A need for hydrochloric acid supplementation is definitely one of the most common things I see in patients. Especially those patients who complain of digestive difficulties like bloating, gas, diarrhea, constipation, yeast overgrowth (even vaginal), and even heartburn. Additionally, patients who complain that they “lost the taste” for meat tend to need HCl as well. Lastly, it should be investigated in everyone with mineral deficiency symptoms, especially osteoporosis. Bone actually has more protein than calcium. To date, I’ve literally only had one patient say that he felt a slight uncomfortable sensation from HCl supplementation, but nothing serious at all according to him. He was willing continue but I chose to have him stop it and use supplements to increase his HCl production instead. This leads me to my next point on how we make HCl.
Here’s how it’s formed. By the way, it takes more energy to make HCl in the body than any other chemical. Additionally, the mineral zinc is absolutely necessary to make it. Hydrochloric acid production is formed by the interaction of carbon dioxide and water, which is mediated by an enzyme called carbonic anhydrase, which is zinc-dependent. As a result, I always supplement zinc when I find a patient needs HCl, and then eventually wean them off the HCl. By the way, a generally accepted reliable indicator of the need for more zinc is white spots on the finger nails. I can’t find conclusive scientific evidence for this, however, I’ve had personal experience with it and also with my patients. Also, chloride is necessary, so don’t be overly afraid to consume sodium chloride (salt) unless it is necessary as determined by your doctor. I find more people need extra salt that not (for reasons beyond the scope of this articles.
One last thing, if HCl supplementation causes irritation to the stomach, or burning in the stomach, you can simply drink down a glass of water and baking soda in order to neutralize the acid right away. Again, I’ve only had it happen to one patient and he felt he didn’t even need the water and baking soda to relieve the discomfort as it was so mild. Warning: if you have been prescribed an acid-blocking medication, you should NOT take supplemental HCl before consulting with the physician who prescribed it. If you take over-the-counter acid-blockers, you should also consult a physician about your problem, as it may be more serious than you think. And remember, those medications were probably prescription-only before they went over-the-counter.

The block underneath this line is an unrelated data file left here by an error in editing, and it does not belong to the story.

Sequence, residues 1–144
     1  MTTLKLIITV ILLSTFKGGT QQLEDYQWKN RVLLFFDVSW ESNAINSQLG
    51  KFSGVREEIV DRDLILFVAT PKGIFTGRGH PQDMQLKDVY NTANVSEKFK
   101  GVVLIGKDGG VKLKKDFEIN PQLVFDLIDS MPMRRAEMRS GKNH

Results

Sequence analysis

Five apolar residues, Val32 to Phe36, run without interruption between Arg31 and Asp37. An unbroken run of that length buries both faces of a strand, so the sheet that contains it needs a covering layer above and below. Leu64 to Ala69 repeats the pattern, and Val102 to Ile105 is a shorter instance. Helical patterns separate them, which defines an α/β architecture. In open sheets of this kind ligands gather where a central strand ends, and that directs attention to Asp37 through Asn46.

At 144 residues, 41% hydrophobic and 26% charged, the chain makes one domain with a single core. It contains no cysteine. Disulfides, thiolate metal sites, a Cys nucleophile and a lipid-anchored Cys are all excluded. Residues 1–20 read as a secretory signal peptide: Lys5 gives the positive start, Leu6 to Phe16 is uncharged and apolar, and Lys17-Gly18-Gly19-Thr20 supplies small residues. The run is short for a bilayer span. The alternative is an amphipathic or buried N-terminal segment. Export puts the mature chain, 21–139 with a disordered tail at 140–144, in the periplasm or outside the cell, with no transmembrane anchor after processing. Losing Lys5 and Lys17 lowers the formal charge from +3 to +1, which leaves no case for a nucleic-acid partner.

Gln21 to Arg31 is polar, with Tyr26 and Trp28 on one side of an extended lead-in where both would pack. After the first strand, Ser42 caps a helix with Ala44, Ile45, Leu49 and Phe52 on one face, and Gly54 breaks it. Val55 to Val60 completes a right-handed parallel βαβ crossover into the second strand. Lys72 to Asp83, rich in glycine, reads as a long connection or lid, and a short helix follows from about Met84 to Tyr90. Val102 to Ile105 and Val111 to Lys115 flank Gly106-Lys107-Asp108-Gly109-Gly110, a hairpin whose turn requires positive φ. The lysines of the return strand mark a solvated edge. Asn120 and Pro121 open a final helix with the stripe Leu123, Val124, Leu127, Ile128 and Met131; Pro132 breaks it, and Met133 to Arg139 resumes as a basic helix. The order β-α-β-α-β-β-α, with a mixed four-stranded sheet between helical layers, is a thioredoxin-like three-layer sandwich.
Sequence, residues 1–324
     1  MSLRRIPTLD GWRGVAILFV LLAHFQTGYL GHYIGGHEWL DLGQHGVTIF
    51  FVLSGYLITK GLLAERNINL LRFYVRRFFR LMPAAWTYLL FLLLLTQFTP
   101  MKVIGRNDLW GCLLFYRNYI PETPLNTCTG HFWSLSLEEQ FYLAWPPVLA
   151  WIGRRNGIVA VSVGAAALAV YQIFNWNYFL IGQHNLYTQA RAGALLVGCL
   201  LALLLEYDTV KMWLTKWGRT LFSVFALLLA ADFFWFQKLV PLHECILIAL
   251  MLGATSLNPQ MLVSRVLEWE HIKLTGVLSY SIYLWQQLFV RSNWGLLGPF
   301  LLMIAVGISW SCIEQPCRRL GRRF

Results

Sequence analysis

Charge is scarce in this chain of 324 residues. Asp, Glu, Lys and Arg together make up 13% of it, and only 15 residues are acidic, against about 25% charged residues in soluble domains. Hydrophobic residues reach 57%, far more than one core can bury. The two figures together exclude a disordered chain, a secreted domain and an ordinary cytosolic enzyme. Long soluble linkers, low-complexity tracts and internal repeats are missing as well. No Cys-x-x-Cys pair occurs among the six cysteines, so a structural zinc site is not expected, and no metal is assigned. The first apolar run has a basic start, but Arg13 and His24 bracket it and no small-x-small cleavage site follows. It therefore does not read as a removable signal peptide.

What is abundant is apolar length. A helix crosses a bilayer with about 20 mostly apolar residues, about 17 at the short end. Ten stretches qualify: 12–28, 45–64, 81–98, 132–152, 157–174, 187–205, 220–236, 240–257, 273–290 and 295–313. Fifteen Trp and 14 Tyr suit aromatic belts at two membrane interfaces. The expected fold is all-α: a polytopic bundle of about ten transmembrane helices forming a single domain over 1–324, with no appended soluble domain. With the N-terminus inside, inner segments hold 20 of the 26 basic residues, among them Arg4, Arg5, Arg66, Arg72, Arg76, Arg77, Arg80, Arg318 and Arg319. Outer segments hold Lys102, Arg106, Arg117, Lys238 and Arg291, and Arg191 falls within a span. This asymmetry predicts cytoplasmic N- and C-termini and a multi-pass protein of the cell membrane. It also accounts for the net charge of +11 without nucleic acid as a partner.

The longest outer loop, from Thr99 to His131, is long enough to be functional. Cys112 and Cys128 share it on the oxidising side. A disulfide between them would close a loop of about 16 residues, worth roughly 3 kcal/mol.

In my experience, digestive symptoms of any sort are quite prevalent. This includes but is not limited to bloating, gas, indigestion, heartburn, diarrhea, and constipation to name the most common. Why those symptoms exist in the first place is key to “fixing” them. And they are also usually the easiest to “fix”. But 90% of the time, the patient must alter their diet. Very often, HCl supplementation is one of the main solutions. But HCl is NOT always necessary. By the way, many, many, many chronic (or acute) low back pain tends to be the result of a dysfunctional digestive system and vice versa. Typically the back pain tends to be dull, achy, diffuse and worse in the morning. Hope this helps!
Dr. Robert D’Aquila – NYC Chiropractor – Applied Kinesiology
Some of this information came from Chris Astill-Smith, DO, DIBAK – and biochemist.